Richard Kilvington and the theory of obligations

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Kretzmann and Spade were led by Richard Kilvington’s proposed revisions to the rules of obligations in his discussion of the 47th sophism in his Sophismata to claim that the purpose of obligational disputations was the same as that of counterfactual reasoning. Angel d’Ors challenged this interpretation, realising that the reason for Kilvington’s revision was precisely that he found the art of obligation unsuited to the kind of reasoning which lay at the heart of the sophismatic argument. In his criticism, Kilvington focussed on a technique used by Walter Burley to force a respondent to grant an arbitrary falsehood and similar to Lewis and Langford’s famous defence of ex impossibili quodlibet. Kilvington observes that just as in obligational disputation, one may be obliged to grant a false proposition and deny a true one, so in counterfactual reasoning one may be obliged to doubt a proposition whose truth or falsity one knows, on pain of contradiction.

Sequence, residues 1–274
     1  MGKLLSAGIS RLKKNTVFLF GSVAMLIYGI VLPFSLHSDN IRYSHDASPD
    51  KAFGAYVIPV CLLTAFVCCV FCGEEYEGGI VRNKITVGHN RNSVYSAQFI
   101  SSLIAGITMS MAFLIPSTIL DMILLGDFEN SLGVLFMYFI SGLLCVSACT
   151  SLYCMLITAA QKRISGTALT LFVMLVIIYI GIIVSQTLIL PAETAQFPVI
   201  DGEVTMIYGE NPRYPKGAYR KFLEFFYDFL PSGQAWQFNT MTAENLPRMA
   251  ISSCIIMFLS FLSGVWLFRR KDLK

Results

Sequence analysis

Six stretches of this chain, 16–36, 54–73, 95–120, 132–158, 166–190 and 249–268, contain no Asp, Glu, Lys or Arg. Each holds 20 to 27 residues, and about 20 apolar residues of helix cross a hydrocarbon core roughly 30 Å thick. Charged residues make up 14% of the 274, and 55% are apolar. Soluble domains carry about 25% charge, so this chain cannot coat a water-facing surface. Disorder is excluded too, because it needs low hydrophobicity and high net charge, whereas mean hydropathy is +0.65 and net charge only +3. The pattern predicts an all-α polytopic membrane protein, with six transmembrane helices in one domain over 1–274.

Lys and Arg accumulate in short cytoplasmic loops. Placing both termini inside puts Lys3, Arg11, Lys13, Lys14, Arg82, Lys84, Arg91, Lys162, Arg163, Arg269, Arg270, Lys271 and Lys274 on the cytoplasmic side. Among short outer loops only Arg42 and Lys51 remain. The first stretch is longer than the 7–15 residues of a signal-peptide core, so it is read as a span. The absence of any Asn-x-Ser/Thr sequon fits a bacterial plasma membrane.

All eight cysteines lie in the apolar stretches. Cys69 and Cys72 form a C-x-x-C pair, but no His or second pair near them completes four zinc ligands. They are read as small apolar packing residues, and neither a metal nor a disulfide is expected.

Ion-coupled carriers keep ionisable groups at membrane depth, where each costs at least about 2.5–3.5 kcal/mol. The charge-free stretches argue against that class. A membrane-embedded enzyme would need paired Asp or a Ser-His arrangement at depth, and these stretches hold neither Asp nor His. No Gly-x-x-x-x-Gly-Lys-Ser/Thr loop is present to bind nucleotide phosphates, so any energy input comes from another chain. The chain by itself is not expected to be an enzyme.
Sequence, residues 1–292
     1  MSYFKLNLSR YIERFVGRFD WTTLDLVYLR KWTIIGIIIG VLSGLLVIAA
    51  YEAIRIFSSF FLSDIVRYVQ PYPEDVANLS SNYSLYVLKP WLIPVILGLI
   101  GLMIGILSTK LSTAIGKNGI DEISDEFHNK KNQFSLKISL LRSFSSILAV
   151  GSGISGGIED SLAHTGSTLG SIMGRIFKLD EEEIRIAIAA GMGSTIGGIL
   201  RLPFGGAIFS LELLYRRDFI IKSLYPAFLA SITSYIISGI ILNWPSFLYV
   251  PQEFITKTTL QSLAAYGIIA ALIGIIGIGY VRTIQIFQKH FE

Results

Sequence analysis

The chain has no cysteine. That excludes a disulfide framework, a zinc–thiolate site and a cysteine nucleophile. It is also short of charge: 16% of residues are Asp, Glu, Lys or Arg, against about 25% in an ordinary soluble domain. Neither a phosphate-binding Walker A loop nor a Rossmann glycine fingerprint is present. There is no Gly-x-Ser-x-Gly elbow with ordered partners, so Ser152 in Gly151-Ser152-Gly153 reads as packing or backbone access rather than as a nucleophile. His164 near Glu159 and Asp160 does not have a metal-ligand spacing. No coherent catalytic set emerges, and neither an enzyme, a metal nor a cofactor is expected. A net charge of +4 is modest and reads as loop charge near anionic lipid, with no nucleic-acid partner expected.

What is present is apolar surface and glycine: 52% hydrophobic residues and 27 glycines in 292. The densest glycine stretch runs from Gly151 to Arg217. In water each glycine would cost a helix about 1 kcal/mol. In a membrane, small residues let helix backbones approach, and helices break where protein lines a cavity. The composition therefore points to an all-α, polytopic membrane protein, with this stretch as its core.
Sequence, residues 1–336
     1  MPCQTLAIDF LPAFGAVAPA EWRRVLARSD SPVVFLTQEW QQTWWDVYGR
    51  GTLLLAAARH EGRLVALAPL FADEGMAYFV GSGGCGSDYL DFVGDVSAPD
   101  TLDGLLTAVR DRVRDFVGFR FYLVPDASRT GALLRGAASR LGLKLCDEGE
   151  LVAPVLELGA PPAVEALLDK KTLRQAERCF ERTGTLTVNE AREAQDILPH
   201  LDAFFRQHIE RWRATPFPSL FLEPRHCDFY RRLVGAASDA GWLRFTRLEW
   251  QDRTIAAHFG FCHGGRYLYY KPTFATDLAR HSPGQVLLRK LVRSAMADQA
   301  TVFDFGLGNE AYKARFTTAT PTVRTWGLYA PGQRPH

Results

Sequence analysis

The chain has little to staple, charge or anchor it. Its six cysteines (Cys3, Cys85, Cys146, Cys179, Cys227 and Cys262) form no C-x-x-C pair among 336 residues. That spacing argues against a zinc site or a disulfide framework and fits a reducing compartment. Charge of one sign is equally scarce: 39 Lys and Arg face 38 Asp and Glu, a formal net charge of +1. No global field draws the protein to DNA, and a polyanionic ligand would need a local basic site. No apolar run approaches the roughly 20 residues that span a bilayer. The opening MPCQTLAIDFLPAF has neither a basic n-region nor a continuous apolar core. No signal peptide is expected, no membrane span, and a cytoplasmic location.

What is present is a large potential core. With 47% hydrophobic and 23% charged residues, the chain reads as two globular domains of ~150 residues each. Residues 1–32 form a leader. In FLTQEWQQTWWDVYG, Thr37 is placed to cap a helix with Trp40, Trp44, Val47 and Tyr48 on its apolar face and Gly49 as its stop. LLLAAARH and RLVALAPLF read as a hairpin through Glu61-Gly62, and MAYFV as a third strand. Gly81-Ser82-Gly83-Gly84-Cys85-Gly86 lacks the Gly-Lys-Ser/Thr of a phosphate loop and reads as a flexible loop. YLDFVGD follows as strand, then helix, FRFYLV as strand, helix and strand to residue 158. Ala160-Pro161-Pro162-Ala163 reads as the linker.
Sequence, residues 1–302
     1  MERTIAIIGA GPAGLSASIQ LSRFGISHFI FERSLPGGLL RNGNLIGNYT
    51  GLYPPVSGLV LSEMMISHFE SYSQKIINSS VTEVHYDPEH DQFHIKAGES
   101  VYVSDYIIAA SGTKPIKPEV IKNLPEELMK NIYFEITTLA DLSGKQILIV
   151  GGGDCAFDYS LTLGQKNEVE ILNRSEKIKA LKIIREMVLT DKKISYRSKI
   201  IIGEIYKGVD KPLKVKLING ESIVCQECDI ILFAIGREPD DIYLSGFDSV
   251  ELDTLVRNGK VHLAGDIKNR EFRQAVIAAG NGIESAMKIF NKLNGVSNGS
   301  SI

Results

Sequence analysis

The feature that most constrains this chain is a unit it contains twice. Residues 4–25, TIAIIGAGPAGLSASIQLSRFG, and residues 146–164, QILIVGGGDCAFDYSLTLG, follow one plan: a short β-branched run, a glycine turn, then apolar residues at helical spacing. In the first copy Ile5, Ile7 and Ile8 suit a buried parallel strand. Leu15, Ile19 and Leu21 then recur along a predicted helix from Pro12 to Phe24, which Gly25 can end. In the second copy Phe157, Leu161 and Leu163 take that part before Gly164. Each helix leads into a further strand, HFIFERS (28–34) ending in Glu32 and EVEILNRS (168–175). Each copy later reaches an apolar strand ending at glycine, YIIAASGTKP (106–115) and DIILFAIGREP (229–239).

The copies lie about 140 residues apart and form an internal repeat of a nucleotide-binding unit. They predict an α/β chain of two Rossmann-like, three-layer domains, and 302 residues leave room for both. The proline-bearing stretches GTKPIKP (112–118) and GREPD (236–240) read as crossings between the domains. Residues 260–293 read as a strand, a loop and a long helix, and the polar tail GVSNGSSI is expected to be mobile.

Original languageEnglish
Pages (from-to)391-404
Number of pages15
Issue number3
Publication statusPublished - Sept 2015


  • Obligations
  • Sophisms
  • Ex impossibili quodlibet
  • Kilvington
  • Burley


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